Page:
But the heart of the game still takes place underwater, as it should. The game presumes that you have already located the wreck, and thus focuses only on your exploration of same with an uncrewed, remote-controlled submersible, which is simulated in some detail. You control its movements, set the intensity of its light, and can pick up and manipulate objects using its mechanical arm, keeping one eye always on its battery level; running out of juice under the ocean is disastrously expensive. As in The Adventure Begins, the ship here is conveniently intact, a maze of decks and rooms to be explored. Here, however, your way is blocked by lots and lots of locked doors. The game’s fanciful side comes to the fore via your method of opening them: each door is a little object-combination puzzle. For example, you might need to combine a cherry with a sundae in order to open the door that leads into an ice-cream parlor.
The game’s fiction, such as it is, has it that a previous expedition has already placed eight deflated balloons in the ship, then somehow lost track of where they are (and apparently locked all of the doors behind themselves). Your ultimate goal is to reach all of the balloons and inflate them, in order to raise the ship to the surface. As must be abundantly clear by now, there is much about this game that makes no sense whatsoever. If you’re wondering how a sundae and a cherry have survived for more than 70 years on the ocean floor, I’m afraid I don’t have an answer for you.
Still, much the same sense of giddy possibility clings to R.M.S. Titanic as to The Adventure Begins, combined with more sophisticated programming. The underwater scenes are almost unnervingly atmospheric despite — or because of? — the low resolution of the graphics, all flickering light peering into the eerie gloom. I remember being quite captivated by this game for several weeks as a young teenager, even though I never got very far in it.
For its difficulty is its real Achilles heel. As you move deeper and deeper into the ship, the object combinations you must divine grow more and more esoteric and the sheer quantity of objects and geography to reckon with grows more and more daunting. The first documented instance of anyone solving this game dates from after the millennium, when a patient German named Stefan Schönfelder finally accomplished the feat by making extensive use of emulator save states. The ending sequence proved predictably underwhelming; in this era of gaming, the journey had to be its own reward.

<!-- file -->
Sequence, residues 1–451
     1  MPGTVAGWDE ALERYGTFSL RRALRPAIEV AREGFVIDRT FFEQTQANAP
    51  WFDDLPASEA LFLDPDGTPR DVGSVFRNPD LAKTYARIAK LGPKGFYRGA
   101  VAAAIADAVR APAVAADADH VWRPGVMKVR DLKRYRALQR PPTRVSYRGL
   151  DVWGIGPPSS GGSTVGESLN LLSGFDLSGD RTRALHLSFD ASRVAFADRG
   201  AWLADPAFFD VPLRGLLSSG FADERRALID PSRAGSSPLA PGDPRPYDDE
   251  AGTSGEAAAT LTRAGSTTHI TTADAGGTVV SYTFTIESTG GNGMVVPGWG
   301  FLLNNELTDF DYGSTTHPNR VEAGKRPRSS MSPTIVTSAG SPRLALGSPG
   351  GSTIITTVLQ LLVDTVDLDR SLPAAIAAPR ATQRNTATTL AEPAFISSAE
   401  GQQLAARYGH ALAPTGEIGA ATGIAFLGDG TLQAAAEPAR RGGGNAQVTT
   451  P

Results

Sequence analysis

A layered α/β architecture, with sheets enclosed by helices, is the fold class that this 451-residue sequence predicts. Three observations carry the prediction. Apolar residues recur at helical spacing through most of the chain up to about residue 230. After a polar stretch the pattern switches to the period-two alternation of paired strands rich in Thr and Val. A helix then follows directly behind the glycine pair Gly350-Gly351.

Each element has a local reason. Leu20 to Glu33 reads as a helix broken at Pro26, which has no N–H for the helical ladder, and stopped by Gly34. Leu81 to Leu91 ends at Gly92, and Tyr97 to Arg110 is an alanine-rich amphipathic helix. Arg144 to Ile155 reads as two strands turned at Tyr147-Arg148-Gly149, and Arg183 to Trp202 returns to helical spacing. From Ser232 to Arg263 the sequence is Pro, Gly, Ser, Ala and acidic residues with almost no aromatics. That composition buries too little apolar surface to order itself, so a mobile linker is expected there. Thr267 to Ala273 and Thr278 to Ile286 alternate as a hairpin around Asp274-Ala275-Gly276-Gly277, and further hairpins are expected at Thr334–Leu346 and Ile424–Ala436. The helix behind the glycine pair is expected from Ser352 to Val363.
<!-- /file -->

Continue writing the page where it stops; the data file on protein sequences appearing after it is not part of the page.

By the late 1980s, the shift to more powerful computers made a credible full-on simulation of marine archaeology seem like an increasingly realizable possibility. This would prove a mixed blessing, for all of the reasons listed by Daniel Stone above.
Search for the Titanic was released in 1989 by the American budget software house Capstone, who were best known for casino simulations. There were a flagship version for MS-DOS and a heavily redacted one for the trusty old Commodore 64. Despite or because of having been “reviewed for authenticity by the staff of the Woods Hole Oceanographic Institute,” it’s one of the most brutally boring computer games ever made. The broad strokes are familiar: you have to deal with the business aspects of an expedition to the Titanic alongside the seaborne bits. This time out, however, you have to build up your reputation and financing by exploring a dozen or so less famous wrecks before you get a crack at the Titanic.
The actual dives are almost totally beyond your control; the game is primarily a simulation of finding the location of the wrecks from the surface. In this and much else, the designers’ guiding principal seems to have been, “Implement all the boring stuff, but be sure to leave out all the fun stuff.” If this is what you get when you do the research and take marine archaeology seriously, give me scuba divers swimming around at 12,500 feet and doors with ham-sandwich-activated locks any day.
There are two things that I find hilarious about this game. The first is that your reward for slogging through this simulation that has less pizazz than your average Excel spreadsheet is a set of digitized photographs of the wreck; it reminds me of those awful games of computerized strip poker I used to play as a sexually frustrated teenager, giving a whole new dimension to the neologism “disaster porn.” The other is that someone recently saw fit to dredge this stinker of a game up off the bottom and put it up for sale on a digital storefront for a fiver. To call that an audacious move is the understatement of the year. For, as Trent Nickson wrote in his 2005 review of Search for the Titanic for the Lemon 64 website, “I don’t really know how you could tart this game up to make it fun.” Suffice to say that the designers never even tried.
(The truly dedicated gaming historians among you can buy this game from GOG.com.)
Thankfully, someone else did try very hard to make marine archaeology fun. Sea Rogue was the first game by a small San Diego studio called Software Sorcery, and was published by Microprose for MS-DOS on their Microplay budget label in 1992. It was created with the assistance of a retired Navy captain whose expertise was underwater salvage, and was billed as a simulation. None of this sounds overly promising in light of the previous game in this survey.